• Groups & Events. Manage special events and groups activities, e.g. Boy & Girl Scouts, Bar/Bat Mitzvah projects. Ad hoc managing of group activities and special events as they come up during the year.

In addition to board members, we named a Board Chairperson who mainly functions to organize and oversee the Board and set up and preside over Board meetings. The Chairperson sends communications to the Board and also leads annual Board seat filling as necessary. The Chairperson communicates with the Board members to create the Board meeting update [6.2] for each meeting. The Chairperson has a three-year term so they can truly direct the organization. Here is a document that describes the responsibilities of the Chairperson [6.3].

Another position, the Executive Director, manages the strategy and vision for the organization, including gardens, collection programs, distribution partners, and consulting. This is a permanent seat and the replacement is chosen by the sitting Executive Director and the Chairperson together.

When the Board was first established, Devin and his father, David, were co-Executive

Directors. This decision was made because they both had the most experience with the project and had many resources at their fingertips. They then appointed the rest of the Board, picking people who had a lot of knowledge, experience, and connections. Selected Board members also had to be dedicated to the project, so to ensure that they would not suddenly drop off from helping.

We slowly built a powerful Board of Directors with devoted volunteers. As Board members take on the aforementioned parts of the organization, they become experts in these aspects. Eventually, these members will train future Board members in their specific area of expertise. In this way, the initial family of three slowly separated themselves from the organization, letting others take over pieces of it. This was a vital step for the continuity of the organization. The Board of Directors is a more sustainable governing body because it does not depend on just a few people for continuity.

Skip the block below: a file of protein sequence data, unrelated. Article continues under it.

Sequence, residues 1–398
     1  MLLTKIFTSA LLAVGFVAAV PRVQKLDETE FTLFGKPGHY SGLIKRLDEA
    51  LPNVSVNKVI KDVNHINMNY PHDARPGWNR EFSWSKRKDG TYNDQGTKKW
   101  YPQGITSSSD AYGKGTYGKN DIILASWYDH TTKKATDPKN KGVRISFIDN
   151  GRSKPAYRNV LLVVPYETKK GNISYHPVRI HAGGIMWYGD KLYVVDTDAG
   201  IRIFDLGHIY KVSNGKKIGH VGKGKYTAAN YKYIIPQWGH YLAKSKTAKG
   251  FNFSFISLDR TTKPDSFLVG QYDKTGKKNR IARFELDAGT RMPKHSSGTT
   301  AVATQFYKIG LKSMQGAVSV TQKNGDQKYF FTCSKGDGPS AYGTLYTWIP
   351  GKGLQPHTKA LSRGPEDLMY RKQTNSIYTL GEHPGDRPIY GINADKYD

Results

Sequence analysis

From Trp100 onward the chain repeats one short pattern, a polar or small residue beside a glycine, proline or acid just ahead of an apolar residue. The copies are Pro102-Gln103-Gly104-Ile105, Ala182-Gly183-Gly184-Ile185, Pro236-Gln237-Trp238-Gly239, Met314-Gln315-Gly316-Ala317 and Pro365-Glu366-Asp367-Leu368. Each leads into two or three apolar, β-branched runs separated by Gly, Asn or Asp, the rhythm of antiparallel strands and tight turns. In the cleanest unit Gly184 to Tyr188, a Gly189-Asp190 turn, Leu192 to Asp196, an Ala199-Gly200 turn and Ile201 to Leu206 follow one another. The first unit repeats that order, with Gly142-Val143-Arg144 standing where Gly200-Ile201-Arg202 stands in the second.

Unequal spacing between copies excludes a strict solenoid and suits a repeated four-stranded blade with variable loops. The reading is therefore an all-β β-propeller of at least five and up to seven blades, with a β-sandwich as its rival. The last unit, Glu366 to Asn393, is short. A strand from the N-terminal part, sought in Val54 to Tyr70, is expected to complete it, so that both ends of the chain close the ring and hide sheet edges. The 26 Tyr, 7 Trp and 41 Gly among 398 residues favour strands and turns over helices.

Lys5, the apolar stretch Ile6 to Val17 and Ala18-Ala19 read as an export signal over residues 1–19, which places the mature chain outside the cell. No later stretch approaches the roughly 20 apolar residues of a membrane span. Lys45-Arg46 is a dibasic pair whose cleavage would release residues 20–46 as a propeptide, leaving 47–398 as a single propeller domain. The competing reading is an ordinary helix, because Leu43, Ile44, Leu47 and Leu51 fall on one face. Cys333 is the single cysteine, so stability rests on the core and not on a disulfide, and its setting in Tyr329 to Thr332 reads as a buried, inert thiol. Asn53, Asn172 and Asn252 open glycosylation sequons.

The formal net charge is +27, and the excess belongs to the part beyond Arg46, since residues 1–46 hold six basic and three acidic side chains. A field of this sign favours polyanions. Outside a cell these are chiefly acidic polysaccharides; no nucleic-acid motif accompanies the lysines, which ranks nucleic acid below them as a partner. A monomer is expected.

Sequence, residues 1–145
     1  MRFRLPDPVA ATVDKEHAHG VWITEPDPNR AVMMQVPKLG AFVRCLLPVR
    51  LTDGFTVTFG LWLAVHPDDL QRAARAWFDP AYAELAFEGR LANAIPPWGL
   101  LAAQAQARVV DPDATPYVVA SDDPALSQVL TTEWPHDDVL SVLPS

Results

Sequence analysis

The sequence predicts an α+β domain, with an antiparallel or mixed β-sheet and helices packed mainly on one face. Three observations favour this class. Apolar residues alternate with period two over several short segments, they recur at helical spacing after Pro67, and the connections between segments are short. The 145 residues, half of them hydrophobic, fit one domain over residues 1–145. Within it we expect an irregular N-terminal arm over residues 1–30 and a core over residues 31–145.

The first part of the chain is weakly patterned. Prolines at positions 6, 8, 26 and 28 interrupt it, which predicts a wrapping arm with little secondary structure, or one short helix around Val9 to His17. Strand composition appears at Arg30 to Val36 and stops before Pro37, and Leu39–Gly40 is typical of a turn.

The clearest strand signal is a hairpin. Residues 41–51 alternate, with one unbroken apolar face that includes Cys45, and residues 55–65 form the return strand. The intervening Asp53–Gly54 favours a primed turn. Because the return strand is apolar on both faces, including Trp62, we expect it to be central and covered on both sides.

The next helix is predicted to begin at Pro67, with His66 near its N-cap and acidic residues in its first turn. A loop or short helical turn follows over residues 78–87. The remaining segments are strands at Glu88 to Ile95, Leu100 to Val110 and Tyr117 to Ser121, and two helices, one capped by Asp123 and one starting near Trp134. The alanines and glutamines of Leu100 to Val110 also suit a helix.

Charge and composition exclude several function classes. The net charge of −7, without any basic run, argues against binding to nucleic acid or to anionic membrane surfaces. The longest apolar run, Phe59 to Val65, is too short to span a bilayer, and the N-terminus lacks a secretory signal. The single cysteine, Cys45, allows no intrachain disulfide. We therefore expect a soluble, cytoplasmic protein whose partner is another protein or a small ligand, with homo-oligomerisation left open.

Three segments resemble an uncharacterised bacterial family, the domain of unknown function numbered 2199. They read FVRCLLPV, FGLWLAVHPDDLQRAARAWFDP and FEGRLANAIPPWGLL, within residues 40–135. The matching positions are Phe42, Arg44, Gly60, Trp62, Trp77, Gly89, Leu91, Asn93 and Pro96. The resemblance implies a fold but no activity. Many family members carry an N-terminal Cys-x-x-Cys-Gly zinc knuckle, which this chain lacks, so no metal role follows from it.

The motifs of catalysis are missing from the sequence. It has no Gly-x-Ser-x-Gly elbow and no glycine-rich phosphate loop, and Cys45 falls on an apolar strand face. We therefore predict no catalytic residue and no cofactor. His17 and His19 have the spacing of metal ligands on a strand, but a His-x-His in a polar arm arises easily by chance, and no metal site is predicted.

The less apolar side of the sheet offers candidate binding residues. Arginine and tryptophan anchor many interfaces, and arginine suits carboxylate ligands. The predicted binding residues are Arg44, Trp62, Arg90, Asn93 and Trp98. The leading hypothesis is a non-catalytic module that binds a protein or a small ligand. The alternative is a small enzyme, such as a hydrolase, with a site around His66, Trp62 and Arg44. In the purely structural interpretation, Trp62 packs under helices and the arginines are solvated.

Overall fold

Compared to the early organization with just a son, mom, and dad, the Board of Directors can have less fluid communication as there are numerous committees to communicate with and meetings need to be coordinated with many people. It also takes longer for major decisions to be made. However, this setup allows for greater input and opinions, a better organized process for changes, and more structure and sustainability.

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Pleasantville Community Garden

@pvillegarden

@pvillegarden

WRITTEN BY: Devin Juros with David Juros, Beth Devito, Katie Beatley, Steve Lord

MANAGED + ORGANIZED BY: David Juros

EDITED + MATERIALS BY: Sonia Mahajan, Liby Kokes, Nianguo Liu, Fiona Laird, Pralaya Cuomo

EDITED BY: Margot Juros, Wendy Fried, Mariel Pica

GUIDE LAYOUT + DESIGN: Jenny Wei

WEBSITE DESIGN: Luci Jones

SPECIAL THANKS TO: Anjali Sauthoff